Max accepts a wager that he cannot remain in a haunted castle for one hour (11 PM to midnight) without crying for help. As soon as he arrives he encounters strange and nightmarish visions, ... See full summary »
Frankenstein, a young medical student, trying to create the perfect human being, instead creates a misshapen monster. Made ill by what he has done, Frankenstein is comforted by his fiancée ... See full summary »
J. Searle Dawley
This is a very odd sort of experimental film that took me by surprise. That's because it's directed by Dave Fleischer of Popeye and Betty Boop fame. In other words, he and his brother made a lot of cartoons and I had no idea that they ever experimented with stop-motion like you'll see in "The Peanut Vendor". For that reason alone, it might be worth a look. As for the quality of this short film, it's pretty poor--even by 1933 standards. After all, "King Kong" used stop-motion that very same year and was light-years ahead in quality. Willis O'Brien (of "King Kong" fame) had been using and perfecting the craft for years and others, such as Charley Bowers, were also using it very effectively. Here, however, the character moves with little fluidity and the puppet (a white monkey) is very creepy and rather off-putting. It also doesn't do very much--just sing and move about a bit.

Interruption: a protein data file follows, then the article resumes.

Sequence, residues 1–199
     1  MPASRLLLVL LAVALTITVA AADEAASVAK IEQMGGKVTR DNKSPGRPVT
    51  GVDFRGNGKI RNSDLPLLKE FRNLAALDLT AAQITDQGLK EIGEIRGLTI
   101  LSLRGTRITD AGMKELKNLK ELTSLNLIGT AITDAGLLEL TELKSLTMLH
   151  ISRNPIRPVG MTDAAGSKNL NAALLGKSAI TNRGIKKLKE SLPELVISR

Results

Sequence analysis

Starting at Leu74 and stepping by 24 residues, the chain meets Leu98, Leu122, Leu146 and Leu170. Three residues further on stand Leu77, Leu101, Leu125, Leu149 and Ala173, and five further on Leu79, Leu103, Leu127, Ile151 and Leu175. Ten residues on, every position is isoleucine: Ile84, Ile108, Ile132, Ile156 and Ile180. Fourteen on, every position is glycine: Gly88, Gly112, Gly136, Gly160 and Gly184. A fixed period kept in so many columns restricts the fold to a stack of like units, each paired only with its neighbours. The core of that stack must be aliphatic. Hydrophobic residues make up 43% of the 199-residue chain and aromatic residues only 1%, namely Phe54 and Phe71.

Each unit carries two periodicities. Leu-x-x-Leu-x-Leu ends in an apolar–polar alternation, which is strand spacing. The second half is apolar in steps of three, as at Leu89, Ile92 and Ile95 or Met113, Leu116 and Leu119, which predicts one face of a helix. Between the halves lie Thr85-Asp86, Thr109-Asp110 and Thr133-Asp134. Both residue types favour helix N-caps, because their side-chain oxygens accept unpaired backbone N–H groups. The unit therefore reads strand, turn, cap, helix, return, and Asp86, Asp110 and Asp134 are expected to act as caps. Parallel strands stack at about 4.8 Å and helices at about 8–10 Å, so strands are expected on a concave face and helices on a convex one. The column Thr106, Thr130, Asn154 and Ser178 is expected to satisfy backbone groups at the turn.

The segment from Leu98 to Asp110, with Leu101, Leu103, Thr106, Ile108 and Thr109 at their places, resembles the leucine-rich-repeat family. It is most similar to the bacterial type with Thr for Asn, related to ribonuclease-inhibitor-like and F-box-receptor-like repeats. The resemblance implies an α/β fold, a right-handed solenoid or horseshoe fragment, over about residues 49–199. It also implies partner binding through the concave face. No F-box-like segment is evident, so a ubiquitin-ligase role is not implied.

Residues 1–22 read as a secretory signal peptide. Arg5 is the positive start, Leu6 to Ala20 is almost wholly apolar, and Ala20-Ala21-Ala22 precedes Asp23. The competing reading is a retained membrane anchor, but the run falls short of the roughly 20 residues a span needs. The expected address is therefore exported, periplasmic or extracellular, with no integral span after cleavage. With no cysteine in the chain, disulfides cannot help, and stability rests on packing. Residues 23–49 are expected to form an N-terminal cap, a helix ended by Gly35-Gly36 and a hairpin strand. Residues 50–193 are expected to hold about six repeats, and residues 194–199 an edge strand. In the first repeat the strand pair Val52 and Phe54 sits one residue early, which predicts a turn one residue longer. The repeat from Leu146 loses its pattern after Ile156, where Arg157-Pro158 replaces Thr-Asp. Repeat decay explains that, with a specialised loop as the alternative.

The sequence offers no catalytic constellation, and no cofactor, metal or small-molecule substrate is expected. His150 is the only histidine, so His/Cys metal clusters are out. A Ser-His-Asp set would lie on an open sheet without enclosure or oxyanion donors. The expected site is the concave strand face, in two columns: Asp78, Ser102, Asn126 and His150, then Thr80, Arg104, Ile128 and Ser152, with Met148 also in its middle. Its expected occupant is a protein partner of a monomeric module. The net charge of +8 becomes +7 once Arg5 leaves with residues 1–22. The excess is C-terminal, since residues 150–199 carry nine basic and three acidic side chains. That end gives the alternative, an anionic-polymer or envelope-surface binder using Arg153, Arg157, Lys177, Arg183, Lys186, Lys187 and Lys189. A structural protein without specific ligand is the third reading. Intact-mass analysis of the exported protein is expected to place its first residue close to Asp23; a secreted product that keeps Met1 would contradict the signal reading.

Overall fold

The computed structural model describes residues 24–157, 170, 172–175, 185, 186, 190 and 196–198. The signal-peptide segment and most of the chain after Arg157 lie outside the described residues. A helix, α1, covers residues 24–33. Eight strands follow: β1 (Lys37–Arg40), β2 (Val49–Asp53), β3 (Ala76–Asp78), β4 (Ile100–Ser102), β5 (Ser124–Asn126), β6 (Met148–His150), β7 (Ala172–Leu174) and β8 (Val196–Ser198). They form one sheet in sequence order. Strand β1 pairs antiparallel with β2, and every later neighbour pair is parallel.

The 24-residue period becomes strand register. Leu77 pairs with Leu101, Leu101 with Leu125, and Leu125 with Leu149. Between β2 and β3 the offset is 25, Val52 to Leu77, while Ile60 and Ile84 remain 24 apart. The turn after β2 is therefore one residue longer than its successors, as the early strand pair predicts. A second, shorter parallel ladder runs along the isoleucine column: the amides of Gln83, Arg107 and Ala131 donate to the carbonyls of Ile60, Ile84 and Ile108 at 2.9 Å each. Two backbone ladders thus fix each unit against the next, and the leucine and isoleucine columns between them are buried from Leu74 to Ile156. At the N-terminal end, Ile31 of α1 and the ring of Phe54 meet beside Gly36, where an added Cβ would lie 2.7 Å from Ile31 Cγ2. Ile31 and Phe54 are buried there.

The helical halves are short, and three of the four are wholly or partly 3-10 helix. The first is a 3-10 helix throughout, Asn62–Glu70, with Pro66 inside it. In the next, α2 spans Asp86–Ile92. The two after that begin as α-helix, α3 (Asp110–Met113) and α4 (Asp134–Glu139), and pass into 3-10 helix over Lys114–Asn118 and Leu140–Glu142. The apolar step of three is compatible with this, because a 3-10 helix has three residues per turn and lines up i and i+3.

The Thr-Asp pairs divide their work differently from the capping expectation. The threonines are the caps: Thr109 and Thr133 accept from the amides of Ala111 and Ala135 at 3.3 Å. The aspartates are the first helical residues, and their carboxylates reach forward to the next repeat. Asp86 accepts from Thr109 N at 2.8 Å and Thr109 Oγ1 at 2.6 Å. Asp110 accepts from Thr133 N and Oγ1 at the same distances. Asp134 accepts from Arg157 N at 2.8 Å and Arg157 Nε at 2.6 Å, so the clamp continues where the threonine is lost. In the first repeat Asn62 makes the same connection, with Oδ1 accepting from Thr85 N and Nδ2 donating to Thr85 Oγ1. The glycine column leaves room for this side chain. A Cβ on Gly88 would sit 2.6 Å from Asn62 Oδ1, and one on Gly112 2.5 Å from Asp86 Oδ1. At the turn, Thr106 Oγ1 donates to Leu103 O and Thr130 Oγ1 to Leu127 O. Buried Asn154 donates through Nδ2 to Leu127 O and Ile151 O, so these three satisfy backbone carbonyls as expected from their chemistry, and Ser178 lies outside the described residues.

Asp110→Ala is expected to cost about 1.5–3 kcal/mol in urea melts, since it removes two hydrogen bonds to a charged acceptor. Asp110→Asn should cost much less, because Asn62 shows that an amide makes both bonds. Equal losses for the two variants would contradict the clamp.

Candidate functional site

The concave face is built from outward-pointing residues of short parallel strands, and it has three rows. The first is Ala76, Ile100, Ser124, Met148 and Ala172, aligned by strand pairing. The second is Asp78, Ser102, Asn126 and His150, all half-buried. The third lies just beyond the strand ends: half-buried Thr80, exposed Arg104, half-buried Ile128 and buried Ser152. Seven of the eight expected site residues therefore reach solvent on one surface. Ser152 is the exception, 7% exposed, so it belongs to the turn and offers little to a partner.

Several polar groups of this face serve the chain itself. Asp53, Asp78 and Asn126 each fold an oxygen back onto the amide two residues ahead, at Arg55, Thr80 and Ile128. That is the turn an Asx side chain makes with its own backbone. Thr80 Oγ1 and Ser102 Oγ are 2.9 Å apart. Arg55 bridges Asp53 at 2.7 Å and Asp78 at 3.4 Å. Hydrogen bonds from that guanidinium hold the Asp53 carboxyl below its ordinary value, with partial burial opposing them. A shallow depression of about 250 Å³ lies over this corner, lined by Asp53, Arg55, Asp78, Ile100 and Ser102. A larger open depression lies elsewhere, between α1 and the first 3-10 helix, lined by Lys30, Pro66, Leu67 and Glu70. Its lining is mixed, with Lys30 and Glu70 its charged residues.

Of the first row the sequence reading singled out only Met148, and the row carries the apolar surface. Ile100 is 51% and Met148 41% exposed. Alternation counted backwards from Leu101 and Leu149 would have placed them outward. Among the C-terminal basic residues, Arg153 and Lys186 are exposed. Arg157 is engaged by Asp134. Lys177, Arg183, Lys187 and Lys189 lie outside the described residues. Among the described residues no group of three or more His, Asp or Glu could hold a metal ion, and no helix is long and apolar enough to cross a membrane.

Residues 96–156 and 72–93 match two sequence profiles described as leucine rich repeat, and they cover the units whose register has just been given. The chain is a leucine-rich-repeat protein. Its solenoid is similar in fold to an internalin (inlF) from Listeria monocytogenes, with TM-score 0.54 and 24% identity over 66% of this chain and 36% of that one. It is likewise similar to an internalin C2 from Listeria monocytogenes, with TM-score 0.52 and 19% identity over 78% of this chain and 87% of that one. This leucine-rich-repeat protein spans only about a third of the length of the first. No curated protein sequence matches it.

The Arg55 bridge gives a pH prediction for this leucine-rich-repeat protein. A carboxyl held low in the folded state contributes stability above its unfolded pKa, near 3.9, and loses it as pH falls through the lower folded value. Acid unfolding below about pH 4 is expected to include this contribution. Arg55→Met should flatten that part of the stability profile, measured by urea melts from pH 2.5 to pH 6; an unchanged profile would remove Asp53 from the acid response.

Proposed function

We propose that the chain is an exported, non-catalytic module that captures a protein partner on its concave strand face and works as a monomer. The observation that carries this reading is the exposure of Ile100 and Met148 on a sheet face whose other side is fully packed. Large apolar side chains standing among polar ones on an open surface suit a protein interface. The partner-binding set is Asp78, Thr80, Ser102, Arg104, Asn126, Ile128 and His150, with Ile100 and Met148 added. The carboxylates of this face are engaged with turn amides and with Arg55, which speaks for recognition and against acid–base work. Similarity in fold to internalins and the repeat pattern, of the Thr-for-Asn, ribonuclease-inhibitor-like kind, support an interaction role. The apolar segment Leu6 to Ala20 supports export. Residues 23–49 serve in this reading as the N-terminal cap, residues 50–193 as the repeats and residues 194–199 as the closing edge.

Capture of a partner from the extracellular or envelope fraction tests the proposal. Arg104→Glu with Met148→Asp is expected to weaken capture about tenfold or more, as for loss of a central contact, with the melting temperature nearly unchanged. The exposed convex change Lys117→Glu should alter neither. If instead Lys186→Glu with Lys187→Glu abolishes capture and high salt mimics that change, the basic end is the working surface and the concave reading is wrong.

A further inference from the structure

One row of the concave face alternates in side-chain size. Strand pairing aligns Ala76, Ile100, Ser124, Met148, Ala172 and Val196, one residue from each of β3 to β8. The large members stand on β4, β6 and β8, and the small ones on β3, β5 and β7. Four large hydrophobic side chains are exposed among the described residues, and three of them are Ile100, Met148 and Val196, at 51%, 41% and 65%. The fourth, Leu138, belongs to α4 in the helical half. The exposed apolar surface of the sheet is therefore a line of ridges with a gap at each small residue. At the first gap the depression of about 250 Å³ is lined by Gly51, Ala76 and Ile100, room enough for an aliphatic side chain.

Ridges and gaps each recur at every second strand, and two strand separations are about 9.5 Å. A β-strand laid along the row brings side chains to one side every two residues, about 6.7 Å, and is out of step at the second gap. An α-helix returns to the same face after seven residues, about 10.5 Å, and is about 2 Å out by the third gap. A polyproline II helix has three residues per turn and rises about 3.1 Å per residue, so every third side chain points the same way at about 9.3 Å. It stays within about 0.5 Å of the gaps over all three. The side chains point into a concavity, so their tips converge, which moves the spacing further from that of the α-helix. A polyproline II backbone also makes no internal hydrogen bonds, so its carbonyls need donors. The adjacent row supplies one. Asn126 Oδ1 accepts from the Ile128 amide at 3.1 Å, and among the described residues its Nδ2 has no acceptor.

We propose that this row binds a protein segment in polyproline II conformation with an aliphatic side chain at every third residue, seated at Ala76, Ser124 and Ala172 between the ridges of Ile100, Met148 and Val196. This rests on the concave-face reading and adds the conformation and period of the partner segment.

I won't rate this one since it is an experiment, but it probably won't appeal to most viewers--just folks who are interested in the history of cartoons and stop-motion.
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